Richard Spencer, a White Nationalist, argues that everything of cultural value was done by whites and so blacks should go away. A liberal White Savior, whose goal is to use their whiteness to fix the lives of POC, is unintentionally reinforcing this position by implying that “white culture” is a model which people of color should be trained to embrace.
I entered teaching five years ago with that model in my mind. I was entering in urban schools, not having reflected well on my white privilege and the impact it had on my worldview. My early syllabi, lectures, and presentation were based on showing my African-American students how a “successful” (that is, “white-presenting”) person acts in the United States.
My first semester, I taught English. I was given the job of teaching African-American Literature to groups of tenth graders in Detroit Public Schools. Every hour, I was the only white person in the room.
It did not go well. Most of my students rejected me, and rightly so. They also largely rejected the content, for two reasons: That it was a white man presenting it to them, and because the message was that being poor and black was something to feel hopeless over. We read the play “A Raisin in the Sun,” which students took to be about black people being redlined, and about a reckless black man squandering money. We read the YA novel “The Friends,” which talks about the hopelessness of urban life for black students and includes police brutality and indifference from a white teacher. We read Alice Walker’s short story “Everyday Use,” which discusses the complexity of heritage for people who have been forcibly stripped of it.
One of my students asked me, “Why can’t we read something that gives us hope?”
Shortly after the video mentioned in the first paragraph went viral, a video of a white female teacher doing the same thing, also went viral.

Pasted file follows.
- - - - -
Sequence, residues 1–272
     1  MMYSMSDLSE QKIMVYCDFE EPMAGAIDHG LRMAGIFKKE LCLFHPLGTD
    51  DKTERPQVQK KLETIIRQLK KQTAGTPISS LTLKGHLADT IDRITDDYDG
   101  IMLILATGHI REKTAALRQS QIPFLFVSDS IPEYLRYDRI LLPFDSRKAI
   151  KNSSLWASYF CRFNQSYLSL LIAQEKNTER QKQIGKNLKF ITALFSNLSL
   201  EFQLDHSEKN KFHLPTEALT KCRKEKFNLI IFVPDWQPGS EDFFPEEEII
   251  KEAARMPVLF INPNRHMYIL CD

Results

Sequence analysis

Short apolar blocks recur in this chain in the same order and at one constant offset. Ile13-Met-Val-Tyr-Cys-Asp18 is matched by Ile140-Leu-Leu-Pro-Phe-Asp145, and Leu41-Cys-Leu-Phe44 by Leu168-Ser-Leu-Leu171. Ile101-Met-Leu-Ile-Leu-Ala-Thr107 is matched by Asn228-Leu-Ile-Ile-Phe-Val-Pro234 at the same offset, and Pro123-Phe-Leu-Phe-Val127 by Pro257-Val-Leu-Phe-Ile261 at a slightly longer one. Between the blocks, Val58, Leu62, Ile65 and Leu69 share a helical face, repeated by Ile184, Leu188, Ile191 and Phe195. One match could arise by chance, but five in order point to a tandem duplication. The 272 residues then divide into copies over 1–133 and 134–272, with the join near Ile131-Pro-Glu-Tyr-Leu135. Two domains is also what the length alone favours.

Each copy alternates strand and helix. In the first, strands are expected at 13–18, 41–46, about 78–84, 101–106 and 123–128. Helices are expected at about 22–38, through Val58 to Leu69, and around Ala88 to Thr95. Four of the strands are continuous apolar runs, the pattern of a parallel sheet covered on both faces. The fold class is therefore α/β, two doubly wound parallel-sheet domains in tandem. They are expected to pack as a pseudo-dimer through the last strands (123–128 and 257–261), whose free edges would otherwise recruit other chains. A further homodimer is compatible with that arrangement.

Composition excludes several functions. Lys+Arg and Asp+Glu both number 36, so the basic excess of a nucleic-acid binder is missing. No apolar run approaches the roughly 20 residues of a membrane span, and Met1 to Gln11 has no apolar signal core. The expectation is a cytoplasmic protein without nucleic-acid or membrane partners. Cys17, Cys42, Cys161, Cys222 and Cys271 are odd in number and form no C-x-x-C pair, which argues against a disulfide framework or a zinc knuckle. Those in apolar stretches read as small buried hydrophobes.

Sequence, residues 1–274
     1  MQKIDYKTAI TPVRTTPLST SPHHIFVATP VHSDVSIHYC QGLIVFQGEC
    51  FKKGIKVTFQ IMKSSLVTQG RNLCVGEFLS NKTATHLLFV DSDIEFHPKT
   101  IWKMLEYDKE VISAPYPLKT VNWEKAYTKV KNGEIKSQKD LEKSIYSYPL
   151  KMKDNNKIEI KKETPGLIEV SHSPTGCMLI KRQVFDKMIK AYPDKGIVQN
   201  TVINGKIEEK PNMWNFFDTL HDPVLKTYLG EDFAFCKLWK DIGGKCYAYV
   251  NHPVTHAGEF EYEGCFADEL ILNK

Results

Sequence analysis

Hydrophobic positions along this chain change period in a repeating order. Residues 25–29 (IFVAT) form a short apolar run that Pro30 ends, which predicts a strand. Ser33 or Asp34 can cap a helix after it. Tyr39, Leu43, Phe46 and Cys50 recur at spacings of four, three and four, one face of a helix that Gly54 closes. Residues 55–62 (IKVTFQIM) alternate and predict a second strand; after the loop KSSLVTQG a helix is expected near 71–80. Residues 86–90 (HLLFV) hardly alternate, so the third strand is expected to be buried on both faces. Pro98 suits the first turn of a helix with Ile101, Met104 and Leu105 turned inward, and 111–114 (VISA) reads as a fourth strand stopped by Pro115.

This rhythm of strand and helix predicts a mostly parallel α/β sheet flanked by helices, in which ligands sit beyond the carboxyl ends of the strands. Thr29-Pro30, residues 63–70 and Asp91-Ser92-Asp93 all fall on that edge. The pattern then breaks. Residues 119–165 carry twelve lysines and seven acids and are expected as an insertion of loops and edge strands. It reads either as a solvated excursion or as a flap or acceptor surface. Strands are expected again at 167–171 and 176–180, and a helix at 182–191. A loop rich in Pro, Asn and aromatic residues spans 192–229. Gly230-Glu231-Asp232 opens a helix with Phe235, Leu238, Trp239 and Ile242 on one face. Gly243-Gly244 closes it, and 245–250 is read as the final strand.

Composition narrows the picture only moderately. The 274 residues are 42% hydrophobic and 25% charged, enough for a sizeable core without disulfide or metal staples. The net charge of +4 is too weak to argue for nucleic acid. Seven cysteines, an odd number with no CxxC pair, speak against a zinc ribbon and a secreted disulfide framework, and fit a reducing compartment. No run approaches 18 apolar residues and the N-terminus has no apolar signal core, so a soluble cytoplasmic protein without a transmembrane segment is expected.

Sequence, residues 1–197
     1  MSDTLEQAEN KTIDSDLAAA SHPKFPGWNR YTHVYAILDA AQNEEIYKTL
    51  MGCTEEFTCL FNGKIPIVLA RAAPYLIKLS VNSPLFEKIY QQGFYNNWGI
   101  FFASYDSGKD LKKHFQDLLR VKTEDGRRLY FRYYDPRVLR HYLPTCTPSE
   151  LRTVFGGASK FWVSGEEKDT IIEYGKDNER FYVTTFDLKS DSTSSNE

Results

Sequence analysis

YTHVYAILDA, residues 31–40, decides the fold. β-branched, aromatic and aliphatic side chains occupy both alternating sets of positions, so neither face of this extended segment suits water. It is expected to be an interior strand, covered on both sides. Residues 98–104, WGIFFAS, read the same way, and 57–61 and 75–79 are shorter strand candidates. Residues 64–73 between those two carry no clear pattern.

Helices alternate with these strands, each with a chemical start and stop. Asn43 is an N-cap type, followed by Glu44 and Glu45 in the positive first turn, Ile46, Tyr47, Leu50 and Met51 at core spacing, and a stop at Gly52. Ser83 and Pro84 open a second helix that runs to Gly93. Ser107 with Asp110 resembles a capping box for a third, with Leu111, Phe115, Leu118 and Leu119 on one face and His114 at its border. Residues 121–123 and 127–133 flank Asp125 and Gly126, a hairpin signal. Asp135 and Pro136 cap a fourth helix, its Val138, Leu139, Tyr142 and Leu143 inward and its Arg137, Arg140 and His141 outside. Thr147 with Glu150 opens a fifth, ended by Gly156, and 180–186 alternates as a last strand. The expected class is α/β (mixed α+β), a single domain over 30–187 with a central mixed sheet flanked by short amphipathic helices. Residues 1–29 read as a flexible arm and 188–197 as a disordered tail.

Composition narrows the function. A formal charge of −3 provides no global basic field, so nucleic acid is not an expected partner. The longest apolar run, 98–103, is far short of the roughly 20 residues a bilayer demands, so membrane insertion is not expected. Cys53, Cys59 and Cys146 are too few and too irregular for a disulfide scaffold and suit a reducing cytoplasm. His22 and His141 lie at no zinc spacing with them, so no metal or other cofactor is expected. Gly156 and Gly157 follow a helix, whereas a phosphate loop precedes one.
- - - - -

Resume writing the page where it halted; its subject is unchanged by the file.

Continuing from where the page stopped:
The controversy over the second video depends on what the teacher’s intentions are. One criticism of the video is that it’s from the same angle, which suggests that the white teacher was looking for a cookie. This concern drives the feeling that she’s co-opting black culture for her personal gain.
At the same time, though, her actions are respecting and valuing the cultural tradition of African-American hand greetings. She’s telling her students that their culture matters to her.
The cynical response to this would dwell on her whiteness and point out that it’s the wrong message that their cultural traditions are only valuable if they matter to white people.
The generous response to this would dwell on her adultness and point out that it’s important for children to feel that their cultural traditions are valuable to their elders.
Not knowing this teacher or these students, I don’t personally know which response best applies to this situation. If that had been me five years ago, as a White Savior, the cynical response would have applied. Now, as I’ve changed my view on what my role as a white male teacher in an urban setting ought to be, I’d like to think I’ve earned the authenticity for the second response.
It is important for white people to continue to reflect on these issues, and how privilege impacts our interactions.
Originally published on The Good Men Project.